There are thousands of species of small ants. Most are harmless, and some are even quite beneficial. Many ants are scavengers who help dispose of dead and decaying plants and animals, while others prey on harmful pests. Some small ants, however, are pests and need to be controlled — at least when they are in or near our homes, businesses, and recreational areas. Ants can contaminate food with their byproducts or when they transmit filth that they pick up on their bodies. Some can also impart foul odors and tastes by their bodily secretions.
A Small Sampling of Small Ants
Pavement ants are one of the most common small ants found in Missouri. They're small (about 1/8" in length ), are black or dark brown in color, and have parallel grooves on the head and thorax. These grooves resemble the pavement markings on a highway; and some exterminators say this is why they are called pavement ants." (Others say it's because pavement ants are commonly seen walking on the pavement.) Pavement ants will eat pretty much anything, but they prefer sugary foods, proteins, and fats.
Argentine Ants are sugar-feeding ants who feed on things like candy, sugary syrups, honeydew, spilled soft drinks, nectar, and so forth. They live in very large colonies, which can make control very challenging. Argentine ants usually nest outside in damp, protected places such as under rocks, firewood, mulch, and concrete slabs. They often move indoors when the weather gets cold, which is often when homeowners first notice them, usually in the kitchen or in other areas close to sources of food.
Odorous House Ants are called "odorous" because they give off an unpleasant smell, especially when they are crushed. They're primarily sugar feeders and prefer sweet foods such as pancake syrup, honeydew, fruit juices, spilled soft drinks and pancake syrup, nectar, and berries. Despite their name, odorous house ants usually nest outdoors, but are often seen indoors during cooler weather, when their natural sources of food outdoors become hard to find.
Pharaoh Ants are very tiny ants, only about 1/16 of an inch in length, on average. They're omnivores and will eat pretty much anything, and they commonly forage over very great distances (at least, in ant terms) looking for food. Pharaoh ants are notoriously difficult to control. Repellent products like sprays and dusts tend only to "fracture" the colony into multiple, smaller colonies. Treatment of Pharaoh ants requires a high degree of knowledge and a meticulous, thorough approach. Pharaoh ant extermination is definitely a job for a professional exterminator.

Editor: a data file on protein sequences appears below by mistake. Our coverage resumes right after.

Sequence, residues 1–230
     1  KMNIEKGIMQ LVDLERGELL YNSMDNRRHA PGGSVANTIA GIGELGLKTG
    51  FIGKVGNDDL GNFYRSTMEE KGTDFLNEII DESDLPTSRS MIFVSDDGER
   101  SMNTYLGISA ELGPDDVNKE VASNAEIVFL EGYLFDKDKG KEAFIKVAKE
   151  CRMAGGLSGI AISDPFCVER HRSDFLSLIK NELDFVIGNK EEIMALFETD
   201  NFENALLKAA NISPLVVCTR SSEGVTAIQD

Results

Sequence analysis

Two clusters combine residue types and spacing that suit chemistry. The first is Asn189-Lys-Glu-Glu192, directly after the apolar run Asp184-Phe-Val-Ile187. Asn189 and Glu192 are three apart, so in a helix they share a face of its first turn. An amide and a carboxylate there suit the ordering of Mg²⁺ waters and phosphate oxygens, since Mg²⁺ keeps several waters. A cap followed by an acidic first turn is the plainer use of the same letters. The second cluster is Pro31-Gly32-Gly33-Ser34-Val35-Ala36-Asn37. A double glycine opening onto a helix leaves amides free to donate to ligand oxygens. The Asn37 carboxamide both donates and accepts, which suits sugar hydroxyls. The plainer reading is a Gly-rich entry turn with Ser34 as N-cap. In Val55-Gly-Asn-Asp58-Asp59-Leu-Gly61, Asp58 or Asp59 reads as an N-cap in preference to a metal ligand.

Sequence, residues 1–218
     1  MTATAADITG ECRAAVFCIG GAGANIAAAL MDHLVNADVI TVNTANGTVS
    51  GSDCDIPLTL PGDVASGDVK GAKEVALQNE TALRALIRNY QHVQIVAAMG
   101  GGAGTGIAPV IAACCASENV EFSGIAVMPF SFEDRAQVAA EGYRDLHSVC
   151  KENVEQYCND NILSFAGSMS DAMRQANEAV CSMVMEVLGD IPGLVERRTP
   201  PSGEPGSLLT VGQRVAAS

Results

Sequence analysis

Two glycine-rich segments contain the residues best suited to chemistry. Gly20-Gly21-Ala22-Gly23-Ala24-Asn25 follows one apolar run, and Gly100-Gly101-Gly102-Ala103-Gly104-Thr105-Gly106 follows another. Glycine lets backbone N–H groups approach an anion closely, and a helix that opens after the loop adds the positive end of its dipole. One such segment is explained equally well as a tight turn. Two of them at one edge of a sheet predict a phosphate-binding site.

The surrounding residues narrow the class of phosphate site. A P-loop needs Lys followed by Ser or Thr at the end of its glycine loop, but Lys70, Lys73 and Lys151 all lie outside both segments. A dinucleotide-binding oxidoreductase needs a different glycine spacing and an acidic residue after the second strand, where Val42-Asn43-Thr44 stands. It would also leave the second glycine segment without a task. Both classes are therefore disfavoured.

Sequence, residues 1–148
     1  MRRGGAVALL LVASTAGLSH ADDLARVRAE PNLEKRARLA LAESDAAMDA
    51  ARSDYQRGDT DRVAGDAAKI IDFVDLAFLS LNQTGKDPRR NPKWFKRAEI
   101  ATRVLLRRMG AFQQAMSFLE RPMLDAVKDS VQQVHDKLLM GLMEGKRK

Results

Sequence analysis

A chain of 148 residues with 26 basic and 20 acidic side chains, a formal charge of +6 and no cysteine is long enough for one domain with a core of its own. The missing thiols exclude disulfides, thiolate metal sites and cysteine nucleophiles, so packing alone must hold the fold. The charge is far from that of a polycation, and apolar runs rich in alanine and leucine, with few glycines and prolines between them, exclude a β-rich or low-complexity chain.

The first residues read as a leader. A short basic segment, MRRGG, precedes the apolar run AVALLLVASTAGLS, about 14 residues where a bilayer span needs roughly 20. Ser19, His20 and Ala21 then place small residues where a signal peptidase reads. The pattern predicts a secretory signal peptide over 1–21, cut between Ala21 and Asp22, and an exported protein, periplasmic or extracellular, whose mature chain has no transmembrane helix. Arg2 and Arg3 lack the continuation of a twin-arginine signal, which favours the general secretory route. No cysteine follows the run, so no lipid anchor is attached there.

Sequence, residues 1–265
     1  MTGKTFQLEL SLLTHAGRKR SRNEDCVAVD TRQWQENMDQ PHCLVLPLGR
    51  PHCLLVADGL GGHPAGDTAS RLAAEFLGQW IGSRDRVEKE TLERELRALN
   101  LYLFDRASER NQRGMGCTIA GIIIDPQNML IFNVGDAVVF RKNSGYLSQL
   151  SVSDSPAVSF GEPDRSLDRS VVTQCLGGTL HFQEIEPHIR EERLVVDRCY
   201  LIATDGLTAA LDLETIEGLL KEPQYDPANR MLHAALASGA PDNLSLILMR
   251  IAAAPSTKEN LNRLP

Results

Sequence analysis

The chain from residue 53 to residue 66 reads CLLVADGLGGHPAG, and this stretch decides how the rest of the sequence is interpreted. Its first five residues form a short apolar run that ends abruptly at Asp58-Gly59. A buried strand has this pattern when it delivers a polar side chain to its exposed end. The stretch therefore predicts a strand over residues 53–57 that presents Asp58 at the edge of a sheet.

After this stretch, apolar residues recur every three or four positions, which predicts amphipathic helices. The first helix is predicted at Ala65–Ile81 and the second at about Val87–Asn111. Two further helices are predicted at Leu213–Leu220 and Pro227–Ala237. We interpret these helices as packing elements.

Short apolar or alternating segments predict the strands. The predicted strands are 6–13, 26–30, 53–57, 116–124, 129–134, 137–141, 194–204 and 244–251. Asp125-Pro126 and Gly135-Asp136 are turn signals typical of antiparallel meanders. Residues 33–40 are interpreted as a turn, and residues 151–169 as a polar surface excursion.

Thief Ants are named for their habit of living among colonies of larger ants, and then stealing and feeding upon the larger ants' young. But they'll also eat other foods. Thief ants tend to prefer oily or fatty foods like meat, lard, cheese, buttery baked goods, spilled shortenings, and dog or cat food. Thief ants are very tiny, averaging about 1/20 of an inch in size. They often go unnoticed and may be accidentally eaten by humans or pets along with the foods that the ants are infesting.
Citronella Ants range from about 1/8" to 3/8" in length, on average, and are yellow or orange in color. They emit a citronella-like scent, especially when the ants are crushed. (In fact, exterminators often crush these ants between their fingers to identify them.) They tend to live in protected places such as under rocks and slabs, emerging once or twice a year in massive swarms that often lead panicked homeowners to believe that they have termites.
Control of Small Ants
The control of small ants is as varied and diverse as are the ant species themselves. Depending on the location, species, extent of infestation, and season, we may use any of a number of treatment methods to control small ant populations. These may include interior or exterior liquid treatments, baits, gels, or granular treatments.